FIG. 17 shows another example method of modeling the borehole 165 (block 1325). The processor 180 may determine an expected set of property values (block 1705) and compare the expected set of property values with measured property values (block 1710). For example, the processor 180 may compare the transients characteristics with a set of one or more expected values. The expected set of values may be obtained from one or more of modeling or previously obtained data. Assuming the processor 180 collects property values from multiple locations along the drillstring, the location or a range of possible locations of the change in the media may be determined. The location of the change in media may be determined by observing the deviation of a physical property versus depth, using measurement data associated with a single time window. The resolution of the locating may depend upon the number of measurement locations. This deviation may be in respect to the set of expected values. Alternatively or in combination, the location of the change in media may be determined by establishing a baseline of measurements associated with the perturbation in one or more time windows, and then comparing the measurements taken at a subsequent time window associated with another similar perturbation. The deviations versus time at each measure location may be indicative of the likely location of the downhole condition.

In other example implementations, the processor 180 may analyze a series of stress or strain or acceleration perturbations along the drillstring. An impact source (e.g. bit bouncing on bottom), or a torsion source (e.g. bit slip-stick), neither of which may be desirable while drilling nonetheless may occur, and may be employed in an analysis. Alternatively or in combination, a deliberate stress or strain or acceleration perturbation of the drillstring may be utilized at surface, near bottom, or along the drillstring. The processor 180 may track the transient (e.g., the bit-bounce impact wave). The processor my observe the overall attenuation of the transient and may also observe any change in the frequency content of the transient as it travels along the drillstring. The processor 180 may infer properties of the drillstring such as contact with the formation. The processor 180 may compare the transients characteristics with a set of one or more expected values. The expected values may be obtained from one or more of modeling or previously obtained data. Assuming the processor 180 collects property values from multiple locations along the drillstring, the location or a range of possible locations of the change in the media may be determined. The location of the change in media may be determined by observing the deviation of the measurement versus depth, using measurement data associated with a single time window. The resolution of the locating may depend upon the number of measurement locations. This deviation may be in respect to the set of expected values. Alternatively or in combination, the location of the change in media may be determined by establishing a baseline of measurements taken associated with the perturbation in one or more time windows, and then comparing the measurements taken at a subsequent time window associated with another similar perturbation. The deviations versus time at each location may be indicative of the likely location of a downhole condition, for example a cuttings build-up, a borehole deviation (e.g. large dogleg or keyseating), or a differential sticking.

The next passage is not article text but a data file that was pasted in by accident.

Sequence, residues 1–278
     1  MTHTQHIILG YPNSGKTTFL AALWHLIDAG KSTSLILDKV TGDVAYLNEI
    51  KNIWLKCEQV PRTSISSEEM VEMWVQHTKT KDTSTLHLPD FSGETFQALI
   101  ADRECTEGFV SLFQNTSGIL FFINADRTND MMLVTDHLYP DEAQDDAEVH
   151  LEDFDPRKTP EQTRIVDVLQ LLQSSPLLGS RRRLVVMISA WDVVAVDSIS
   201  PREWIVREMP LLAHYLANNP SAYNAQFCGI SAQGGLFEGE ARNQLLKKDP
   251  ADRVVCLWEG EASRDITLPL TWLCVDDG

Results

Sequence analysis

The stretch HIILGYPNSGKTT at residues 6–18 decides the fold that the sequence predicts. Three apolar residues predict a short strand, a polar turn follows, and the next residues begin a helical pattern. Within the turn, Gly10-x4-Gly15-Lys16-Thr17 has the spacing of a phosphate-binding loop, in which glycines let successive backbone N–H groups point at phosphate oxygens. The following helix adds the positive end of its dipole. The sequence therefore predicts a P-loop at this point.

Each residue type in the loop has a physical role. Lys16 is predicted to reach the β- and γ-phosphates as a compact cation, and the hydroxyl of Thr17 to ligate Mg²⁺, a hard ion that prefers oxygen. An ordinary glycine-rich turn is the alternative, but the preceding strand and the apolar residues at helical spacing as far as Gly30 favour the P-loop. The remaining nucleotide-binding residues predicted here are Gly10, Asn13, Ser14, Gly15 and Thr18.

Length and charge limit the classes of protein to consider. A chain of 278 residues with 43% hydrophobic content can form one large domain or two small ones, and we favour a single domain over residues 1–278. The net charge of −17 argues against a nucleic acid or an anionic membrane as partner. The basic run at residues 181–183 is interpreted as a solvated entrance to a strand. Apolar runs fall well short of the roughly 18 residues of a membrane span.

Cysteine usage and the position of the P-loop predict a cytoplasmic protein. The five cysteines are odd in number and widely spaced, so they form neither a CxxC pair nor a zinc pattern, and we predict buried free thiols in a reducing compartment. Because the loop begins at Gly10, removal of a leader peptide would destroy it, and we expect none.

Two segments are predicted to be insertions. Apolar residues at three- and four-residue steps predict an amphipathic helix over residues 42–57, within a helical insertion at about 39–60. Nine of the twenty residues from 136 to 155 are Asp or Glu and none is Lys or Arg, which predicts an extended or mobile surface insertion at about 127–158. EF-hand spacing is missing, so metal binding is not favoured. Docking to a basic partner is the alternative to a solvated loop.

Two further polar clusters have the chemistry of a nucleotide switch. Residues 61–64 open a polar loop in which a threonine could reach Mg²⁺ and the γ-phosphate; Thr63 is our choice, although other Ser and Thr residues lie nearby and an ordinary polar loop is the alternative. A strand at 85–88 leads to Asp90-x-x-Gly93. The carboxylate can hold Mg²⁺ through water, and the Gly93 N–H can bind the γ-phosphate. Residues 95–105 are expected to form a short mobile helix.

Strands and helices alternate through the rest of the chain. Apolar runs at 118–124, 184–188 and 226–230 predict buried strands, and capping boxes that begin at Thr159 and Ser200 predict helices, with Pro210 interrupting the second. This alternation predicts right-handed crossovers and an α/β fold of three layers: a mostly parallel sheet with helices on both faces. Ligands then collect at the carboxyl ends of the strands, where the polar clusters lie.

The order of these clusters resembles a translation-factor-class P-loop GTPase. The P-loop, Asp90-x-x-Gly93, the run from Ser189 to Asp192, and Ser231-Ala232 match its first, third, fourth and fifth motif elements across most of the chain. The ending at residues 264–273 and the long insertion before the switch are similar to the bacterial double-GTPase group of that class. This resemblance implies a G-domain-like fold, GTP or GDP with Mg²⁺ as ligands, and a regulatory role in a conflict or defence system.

In one or more of identifying a particular downhole condition (block 1510), characterizing the downhole condition (block 1520), and locating the downhole condition (block 1515), the processor may consider the manner in which certain downhole conditions affect the properties being measured. Many such relationships are known or knowable. With regard to pressure perturbations, acoustic transmission characteristics of fluids are known to vary with the viscosity, density, bulk modulus, multi-phase characteristics, and other properties of such fluids. Such relationships may be determined empirically. With regard to stress or strain perturbations in the drillstring, acoustic transmission characteristics of steel and other drillstring materials and reflections associated with, for example, cross sectional area changes are known or modelable, or empirically determinable. Effects of varying boundary conditions (e.g. clean hole vs. cuttings build-up, differential sticking, dog-legs and key seats) on the acoustic transmission in drillstring components too may be modeled or determined empirically.

The present invention is therefore well-adapted to carry out the objects and attain the ends mentioned, as well as those that are inherent therein. While the invention has been depicted, described and is defined by references to examples of the invention, such a reference does not imply a limitation on the invention, and no such limitation is to be inferred. The invention is capable of considerable modification, alteration and equivalents in form and function, as will occur to those ordinarily skilled in the art having the benefit of this disclosure. The depicted and described examples are not exhaustive of the invention. Consequently, the invention is intended to be limited only by the spirit and scope of the appended claims, giving full cognizance to equivalents in all respects.

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Classifications
U.S. Classification340/854.4, 73/152.46
International ClassificationE21B17/00, E21B17/02, G01V9/00, G01V1/40, E21B47/01, G01V3/00
Cooperative ClassificationE21B47/01, E21B17/028, E21B47/12, G06F17/40, E21B17/003, G01V3/00, E21B47/065, E21B47/00, E21B47/06
European ClassificationE21B17/00K, E21B47/01, E21B17/02E, E21B47/12
Legal Events
DateCodeEventDescription
Mar 4, 2005ASAssignment
Owner name: HALLIBURTON ENERGY SERVICES, INC., TEXAS
Free format text: ASSIGNMENT OF ASSIGNORS INTEREST;ASSIGNOR:GLEITMAN, DANIEL;REEL/FRAME:016359/0627
Effective date: 20050304